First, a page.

In mesh mode, the radio used for mesh backhaul does not perform dynamic channel selection. By default, backhaul uses 5 GHz radio and it will use channel 36, unless set otherwise.
Should a Primary AP and Primary Capable APs be on the same backhaul channel? There is no magic answer, it really depends. There are some general things to consider:
- If APs are physically close together, it could hurt the wireless network performance.
- If there is a good distance between these APs, it could possibly lead to faster roaming.
- If the Primary AP and Primary Capable AP is equally distant it makes sense to have them on the same channel. This can lead to constant bandwidth and no client disconnection.
- If you have different channels assigned to the Primary AP and Primary capable AP, and the Primary AP fails, the failover will take longer if they have different backhaul channels because the mesh extender needs to change the channel to connect, interrupting the wireless service.
5GHz is preferred for the radio so you don’t limit the speed between the APs. 2.4 GHz can cause problems. You would gain distance but hurt performance. In general, you are better off daisy-chaining (adding APs) and keeping the 5 GHz to get the needed distance along with the higher speeds.
Channel Considerations in a Traditional Wireless Network
In non-mesh mode, automatic assigning of RF channels can work well. Data is transmitted on any available channel, which can change often.
Dynamic channel selection should work for both radios if mesh mode is disabled. You can disable mesh mode if there are no mesh extenders in your network.
What does dynamic channel assignment do?
- Dynamically manages channel assignments for an RF group.
- Evaluates the assignments on a per AP per radio basis.
- Makes decisions based on signal strength between the device and the AP.
- Dynamically adjusts the channel plan to maintain performance of individual radios.
- Can dynamically determine the best bandwidth for each AP.
The other option is to assign channel(s) in a traditional wireless network. In every wireless network, there are variables on the optimal channel assignments. It is important to figure out what the best scenario is for your company.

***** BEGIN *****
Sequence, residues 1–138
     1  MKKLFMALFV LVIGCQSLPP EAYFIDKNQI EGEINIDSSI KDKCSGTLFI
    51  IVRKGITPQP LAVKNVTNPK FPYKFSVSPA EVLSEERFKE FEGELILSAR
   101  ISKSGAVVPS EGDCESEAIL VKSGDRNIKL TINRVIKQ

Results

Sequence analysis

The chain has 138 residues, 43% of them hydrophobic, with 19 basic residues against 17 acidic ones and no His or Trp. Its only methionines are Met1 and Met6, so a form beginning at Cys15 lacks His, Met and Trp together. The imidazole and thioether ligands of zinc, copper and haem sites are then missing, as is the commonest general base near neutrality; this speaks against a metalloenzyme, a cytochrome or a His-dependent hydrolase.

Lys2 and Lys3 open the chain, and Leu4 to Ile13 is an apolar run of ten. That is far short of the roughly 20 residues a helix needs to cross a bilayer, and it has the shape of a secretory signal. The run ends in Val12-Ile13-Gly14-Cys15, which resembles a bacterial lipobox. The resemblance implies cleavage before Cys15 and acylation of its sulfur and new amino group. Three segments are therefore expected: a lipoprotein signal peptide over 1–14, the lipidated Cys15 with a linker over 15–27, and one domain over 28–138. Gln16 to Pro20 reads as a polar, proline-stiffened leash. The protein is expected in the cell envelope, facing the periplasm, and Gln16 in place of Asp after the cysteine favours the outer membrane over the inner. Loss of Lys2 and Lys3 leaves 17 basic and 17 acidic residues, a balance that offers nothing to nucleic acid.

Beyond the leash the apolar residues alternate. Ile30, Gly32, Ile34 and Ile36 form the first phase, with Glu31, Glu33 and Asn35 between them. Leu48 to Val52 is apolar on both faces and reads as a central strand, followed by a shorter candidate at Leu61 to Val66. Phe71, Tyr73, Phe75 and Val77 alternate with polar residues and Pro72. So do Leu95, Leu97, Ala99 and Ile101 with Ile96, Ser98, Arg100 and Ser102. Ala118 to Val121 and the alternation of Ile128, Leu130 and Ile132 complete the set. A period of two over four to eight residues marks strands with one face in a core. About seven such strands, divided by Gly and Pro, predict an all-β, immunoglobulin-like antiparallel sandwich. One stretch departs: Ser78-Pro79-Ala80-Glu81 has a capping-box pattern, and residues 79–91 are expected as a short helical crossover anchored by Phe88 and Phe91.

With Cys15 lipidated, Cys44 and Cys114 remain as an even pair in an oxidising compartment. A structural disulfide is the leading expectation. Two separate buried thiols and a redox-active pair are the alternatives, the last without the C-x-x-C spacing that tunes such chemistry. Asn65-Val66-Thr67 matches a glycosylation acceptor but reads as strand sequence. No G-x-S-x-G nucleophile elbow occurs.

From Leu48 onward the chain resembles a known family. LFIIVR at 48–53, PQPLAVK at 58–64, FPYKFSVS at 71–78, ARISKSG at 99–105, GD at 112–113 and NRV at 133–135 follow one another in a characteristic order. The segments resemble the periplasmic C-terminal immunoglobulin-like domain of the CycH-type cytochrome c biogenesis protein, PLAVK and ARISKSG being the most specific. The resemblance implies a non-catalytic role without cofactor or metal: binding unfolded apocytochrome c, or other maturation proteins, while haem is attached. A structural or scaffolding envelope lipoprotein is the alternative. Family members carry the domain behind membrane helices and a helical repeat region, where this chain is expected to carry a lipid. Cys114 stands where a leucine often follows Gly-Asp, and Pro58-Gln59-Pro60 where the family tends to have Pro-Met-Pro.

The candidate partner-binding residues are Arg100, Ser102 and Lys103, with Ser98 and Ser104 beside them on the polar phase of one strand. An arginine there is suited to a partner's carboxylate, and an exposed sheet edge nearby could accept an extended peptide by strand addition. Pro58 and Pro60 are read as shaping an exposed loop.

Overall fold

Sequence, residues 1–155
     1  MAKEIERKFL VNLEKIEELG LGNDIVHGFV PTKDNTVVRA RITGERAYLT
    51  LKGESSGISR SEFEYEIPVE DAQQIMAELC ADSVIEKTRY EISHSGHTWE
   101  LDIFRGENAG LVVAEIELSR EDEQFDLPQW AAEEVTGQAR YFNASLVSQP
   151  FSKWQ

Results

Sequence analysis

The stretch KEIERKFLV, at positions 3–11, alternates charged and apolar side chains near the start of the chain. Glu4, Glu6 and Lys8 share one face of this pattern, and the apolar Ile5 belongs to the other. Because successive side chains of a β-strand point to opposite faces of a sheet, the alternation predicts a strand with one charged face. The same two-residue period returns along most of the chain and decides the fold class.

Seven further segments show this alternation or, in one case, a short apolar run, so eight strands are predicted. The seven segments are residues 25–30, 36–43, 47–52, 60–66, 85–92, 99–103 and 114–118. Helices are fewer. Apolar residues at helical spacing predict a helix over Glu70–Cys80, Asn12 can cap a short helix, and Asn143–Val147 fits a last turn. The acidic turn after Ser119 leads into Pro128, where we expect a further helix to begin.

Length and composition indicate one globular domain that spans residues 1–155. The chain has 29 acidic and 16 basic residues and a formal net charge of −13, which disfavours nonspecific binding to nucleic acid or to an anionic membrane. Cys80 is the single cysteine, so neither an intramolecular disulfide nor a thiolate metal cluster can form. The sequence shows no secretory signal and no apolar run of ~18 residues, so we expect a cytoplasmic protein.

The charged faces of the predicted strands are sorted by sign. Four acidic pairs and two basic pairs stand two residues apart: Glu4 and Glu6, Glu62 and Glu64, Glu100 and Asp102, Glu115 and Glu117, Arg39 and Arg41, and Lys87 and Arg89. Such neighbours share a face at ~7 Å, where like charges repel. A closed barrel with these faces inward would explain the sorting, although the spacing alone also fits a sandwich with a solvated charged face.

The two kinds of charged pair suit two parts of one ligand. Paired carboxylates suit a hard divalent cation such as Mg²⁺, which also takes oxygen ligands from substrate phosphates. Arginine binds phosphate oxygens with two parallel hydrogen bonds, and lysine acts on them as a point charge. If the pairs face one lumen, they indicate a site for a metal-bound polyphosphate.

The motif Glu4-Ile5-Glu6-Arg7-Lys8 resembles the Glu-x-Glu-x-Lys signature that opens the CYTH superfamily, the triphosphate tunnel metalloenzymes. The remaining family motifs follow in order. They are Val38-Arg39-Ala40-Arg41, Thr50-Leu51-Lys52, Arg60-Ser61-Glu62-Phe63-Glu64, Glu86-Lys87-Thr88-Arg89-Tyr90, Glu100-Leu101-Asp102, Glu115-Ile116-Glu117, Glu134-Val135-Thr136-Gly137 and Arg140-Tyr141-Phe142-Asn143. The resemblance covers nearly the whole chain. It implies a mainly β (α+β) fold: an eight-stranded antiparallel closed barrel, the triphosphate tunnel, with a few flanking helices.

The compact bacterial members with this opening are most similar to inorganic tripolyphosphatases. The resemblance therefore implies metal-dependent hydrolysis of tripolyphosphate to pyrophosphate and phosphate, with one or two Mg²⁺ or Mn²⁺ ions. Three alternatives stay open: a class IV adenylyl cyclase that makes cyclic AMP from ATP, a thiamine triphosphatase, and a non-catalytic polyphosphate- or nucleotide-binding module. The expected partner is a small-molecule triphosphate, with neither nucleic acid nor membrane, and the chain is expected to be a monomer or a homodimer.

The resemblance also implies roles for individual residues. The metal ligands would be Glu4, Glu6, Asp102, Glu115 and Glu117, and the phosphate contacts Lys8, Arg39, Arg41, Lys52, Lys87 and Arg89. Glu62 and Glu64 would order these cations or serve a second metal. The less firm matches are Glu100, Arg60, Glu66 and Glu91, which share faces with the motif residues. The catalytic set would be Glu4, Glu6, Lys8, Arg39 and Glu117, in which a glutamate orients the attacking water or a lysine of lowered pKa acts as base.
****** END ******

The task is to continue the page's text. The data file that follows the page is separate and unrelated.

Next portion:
Assigning RF Channels
This toggled section highlights tips for beginners.
Log into the Web User Interface (UI) of the Primary AP. To do this, open a web browser and enter
https://ciscobusiness.cisco.com You may receive a warning before proceeding. Enter your
credentials.You can also access the Primary AP by entering https://[ipaddress] (of the Primary AP) into a web
If you have questions about a field in the user interface, check for a tool tip that looks like the
Trouble locating the Expand Main Menu icon?
Navigate to the menu on the left-hand side of the screen, if you don’t see the menu button, click
this icon to open the side-bar menu.
Cisco Business App
These devices have companion apps that share some management features with the web user interface.
Not all features in the Web user interface will be available in the App.
Frequently Asked Questions
If you still have unanswered questions, you can check our frequently asked questions document. FAQ
Log into the Web User Interface (UI) of the Primary AP. To do this, open a web browser and enter https://ciscobusiness.cisco. You may receive a warning before proceeding. Enter your credentials.
You can also access the Primary AP by entering https://<ipaddress> (of the Primary AP) into a web browser.
Navigate to Wireless Settings > Access Points. Click on the edit icon of an AP.
Click on Radio 1 or Radio 2. Select Automatic or the channel you wish to assign to the AP. Repeat these steps if you are changing Radio 1 and Radio 2. Click Apply.
Click the Save icon to permanently save the new channel assignments.
You now have the ability to change channel assignments along with knowing the considerations for these channel assignments. Luckily, if the options you select are not optimal for the performance of your wireless network, you can easily change them again.